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Issues in Science and Technology Librarianship
Spring 2011
DOI: 10.5062/F4SF2T3R


The Impact of a Reading Room's Closure on Collection Development

Heather Lewin
Science and Technology Librarian
Parks Library
Iowa State University
Ames, Iowa

Copyright 2011, Heather Lewin. Used with permission.


This paper discusses the preparations for the closure of Iowa State University's Physical Science Reading Room from the perspective of collection management and development. The anticipated changes to the reading room collection provided an opportunity to analyze the core physical sciences collection in regards to composition, space occupied, and use. Additionally, this paper reviews the data gathered to determine the effects of material accessibility and use on future collection development decisions.


The Physical Science Reading Room at Iowa State University contained a 26,922 piece collection focused on supporting the Chemistry, Physics, and Materials Science departments. The collection contained a small reserve collection, reference tools, monographs and serials which were selected for inclusion by the departments' faculty due to their perceived importance and use in their teaching and research. In Spring of 2009, changes to the reading room collection were anticipated as the facility connecting the chemistry and physics buildings, which housed the Reading Room, was slated for demolition. All discussions of future sites included less space for print resources. Because of this, the evaluation of the reading room collection was necessary for making informed decisions. Data were collected on the number of circulations, space occupied, electronic coverage, and duplication within the university-wide collection.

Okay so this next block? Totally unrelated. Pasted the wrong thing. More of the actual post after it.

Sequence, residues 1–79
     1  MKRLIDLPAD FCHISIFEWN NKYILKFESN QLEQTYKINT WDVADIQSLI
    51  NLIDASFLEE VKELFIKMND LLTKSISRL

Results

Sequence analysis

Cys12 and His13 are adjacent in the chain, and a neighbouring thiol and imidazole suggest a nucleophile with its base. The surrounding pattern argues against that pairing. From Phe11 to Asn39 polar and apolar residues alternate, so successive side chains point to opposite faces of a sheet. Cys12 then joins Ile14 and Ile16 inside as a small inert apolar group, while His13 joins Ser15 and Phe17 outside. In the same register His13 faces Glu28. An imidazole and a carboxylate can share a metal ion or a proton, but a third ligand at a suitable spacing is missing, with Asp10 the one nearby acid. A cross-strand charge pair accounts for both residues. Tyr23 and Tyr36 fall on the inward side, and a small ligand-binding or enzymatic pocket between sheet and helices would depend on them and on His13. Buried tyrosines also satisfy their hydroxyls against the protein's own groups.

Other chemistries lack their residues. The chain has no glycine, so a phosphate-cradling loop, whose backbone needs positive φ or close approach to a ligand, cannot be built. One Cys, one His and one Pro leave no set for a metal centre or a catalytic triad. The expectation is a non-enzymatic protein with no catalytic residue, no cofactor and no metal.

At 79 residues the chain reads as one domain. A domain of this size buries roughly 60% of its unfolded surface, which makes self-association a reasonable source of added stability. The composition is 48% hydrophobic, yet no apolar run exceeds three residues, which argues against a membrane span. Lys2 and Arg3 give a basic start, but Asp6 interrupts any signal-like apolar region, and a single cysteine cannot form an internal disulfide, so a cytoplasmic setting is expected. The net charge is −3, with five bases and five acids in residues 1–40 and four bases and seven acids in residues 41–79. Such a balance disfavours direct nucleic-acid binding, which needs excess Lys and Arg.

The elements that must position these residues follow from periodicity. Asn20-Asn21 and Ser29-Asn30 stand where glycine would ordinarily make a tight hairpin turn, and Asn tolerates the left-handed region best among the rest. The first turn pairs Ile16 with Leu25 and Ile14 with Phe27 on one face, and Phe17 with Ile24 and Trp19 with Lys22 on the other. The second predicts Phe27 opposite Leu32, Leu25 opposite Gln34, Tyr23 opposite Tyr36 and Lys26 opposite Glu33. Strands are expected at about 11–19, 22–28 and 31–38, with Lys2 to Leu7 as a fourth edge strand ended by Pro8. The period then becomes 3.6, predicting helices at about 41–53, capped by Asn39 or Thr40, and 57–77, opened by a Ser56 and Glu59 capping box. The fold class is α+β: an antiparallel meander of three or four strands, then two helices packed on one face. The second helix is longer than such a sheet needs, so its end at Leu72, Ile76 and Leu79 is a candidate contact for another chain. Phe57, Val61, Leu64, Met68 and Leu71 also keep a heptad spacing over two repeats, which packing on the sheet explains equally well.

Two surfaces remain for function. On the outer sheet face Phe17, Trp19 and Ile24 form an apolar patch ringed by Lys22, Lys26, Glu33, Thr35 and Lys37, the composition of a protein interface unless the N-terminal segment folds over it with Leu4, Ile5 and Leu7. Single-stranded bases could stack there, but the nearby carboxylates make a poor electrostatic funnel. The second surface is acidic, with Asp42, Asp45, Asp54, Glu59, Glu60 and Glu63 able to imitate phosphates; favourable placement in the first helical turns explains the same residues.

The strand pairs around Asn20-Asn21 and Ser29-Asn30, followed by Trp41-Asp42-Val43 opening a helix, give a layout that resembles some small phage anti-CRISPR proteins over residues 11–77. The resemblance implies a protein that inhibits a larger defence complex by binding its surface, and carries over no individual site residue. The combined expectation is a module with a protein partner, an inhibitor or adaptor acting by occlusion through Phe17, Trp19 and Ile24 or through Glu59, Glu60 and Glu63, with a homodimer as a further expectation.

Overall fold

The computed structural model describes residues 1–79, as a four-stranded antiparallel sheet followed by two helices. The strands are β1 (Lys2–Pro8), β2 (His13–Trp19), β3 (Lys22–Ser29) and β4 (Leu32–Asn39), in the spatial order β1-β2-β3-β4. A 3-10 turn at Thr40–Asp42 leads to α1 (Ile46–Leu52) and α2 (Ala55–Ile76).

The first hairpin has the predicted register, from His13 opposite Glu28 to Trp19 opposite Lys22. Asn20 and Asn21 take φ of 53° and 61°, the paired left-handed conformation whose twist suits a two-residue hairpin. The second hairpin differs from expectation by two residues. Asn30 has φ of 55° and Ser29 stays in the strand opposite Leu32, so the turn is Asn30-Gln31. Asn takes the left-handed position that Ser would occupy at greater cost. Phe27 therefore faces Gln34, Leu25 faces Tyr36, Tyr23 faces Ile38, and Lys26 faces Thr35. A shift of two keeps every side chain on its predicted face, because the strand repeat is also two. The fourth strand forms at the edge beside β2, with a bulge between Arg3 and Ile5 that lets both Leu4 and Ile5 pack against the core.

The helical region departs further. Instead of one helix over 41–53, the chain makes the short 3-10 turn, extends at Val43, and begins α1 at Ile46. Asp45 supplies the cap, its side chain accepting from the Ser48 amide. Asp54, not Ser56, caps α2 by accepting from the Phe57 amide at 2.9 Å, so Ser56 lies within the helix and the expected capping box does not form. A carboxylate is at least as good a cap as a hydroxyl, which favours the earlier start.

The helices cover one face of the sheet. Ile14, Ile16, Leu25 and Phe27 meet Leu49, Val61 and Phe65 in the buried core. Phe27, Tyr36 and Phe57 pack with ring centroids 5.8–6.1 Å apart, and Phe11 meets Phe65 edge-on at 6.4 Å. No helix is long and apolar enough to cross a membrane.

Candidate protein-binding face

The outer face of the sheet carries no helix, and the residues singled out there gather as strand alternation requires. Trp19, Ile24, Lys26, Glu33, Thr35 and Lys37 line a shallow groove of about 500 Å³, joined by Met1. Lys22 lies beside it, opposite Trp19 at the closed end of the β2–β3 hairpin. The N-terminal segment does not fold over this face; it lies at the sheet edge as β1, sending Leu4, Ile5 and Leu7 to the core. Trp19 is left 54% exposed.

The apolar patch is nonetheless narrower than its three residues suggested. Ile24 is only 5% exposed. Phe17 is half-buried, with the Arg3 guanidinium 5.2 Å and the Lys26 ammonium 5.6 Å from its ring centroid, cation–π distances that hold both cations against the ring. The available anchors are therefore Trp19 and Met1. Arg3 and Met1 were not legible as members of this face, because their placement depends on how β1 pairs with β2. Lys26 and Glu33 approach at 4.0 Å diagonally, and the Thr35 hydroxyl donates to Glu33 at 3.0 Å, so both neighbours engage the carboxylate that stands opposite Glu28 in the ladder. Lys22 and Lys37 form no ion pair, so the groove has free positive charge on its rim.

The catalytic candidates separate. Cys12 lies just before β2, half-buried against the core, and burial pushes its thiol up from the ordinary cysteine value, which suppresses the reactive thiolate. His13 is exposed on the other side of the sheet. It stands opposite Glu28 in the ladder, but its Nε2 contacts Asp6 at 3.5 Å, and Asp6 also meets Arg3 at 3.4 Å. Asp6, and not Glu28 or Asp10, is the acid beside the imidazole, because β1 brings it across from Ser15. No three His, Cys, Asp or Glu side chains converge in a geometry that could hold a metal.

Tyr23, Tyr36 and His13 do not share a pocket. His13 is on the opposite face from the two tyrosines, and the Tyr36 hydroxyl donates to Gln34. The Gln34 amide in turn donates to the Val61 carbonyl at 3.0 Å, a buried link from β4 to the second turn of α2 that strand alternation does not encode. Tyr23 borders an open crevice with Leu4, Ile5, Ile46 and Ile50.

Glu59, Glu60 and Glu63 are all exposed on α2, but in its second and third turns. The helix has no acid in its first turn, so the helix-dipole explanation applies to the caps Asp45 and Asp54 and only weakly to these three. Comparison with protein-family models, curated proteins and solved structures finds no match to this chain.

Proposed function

Changes to the university budget model led to the facility upkeep costs being transferred to the Chemistry Department. This, combined with the economic downturn affecting the University budget, lead to the decision by the Department to reclaim the space until its scheduled demolition. In December of 2009, the Reading Room was closed and the materials integrated into the collections at the main library. This report looks at the collection composition and the implications for collection development as discovered in this process.


There have been numerous papers chronicling the closing of branch facilities (Hitchcock et al. 2005), specifically those that contain materials in the physical sciences such as chemistry (Armstrong 2005; Johnson et al. 2004). Garritano's study (2007) showed that more and more facilities containing chemistry materials are being consolidated into larger, less specific collections. Many of these articles talk about the process of the actual event: evaluating, weeding, packing, moving, and integration into another collection. These are helpful in understanding the steps that must take place, but they do not address the value of the information gathered as it relates to collection development.

Collection management, serials retention, and other collection evaluation projects are covered extensively in literature. There are papers that present information on data collection, evaluation, and retention decisions, including an analysis by Altmann and Gorman of an academic library (1999).

This paper looks at how the assessment of a collection and the closing of a facility can lead to changes in collection development policy and acquisition priorities. Shouse and Teel (2006) referenced such change clearly when they wrote about assessment being "an essential step in future collection development".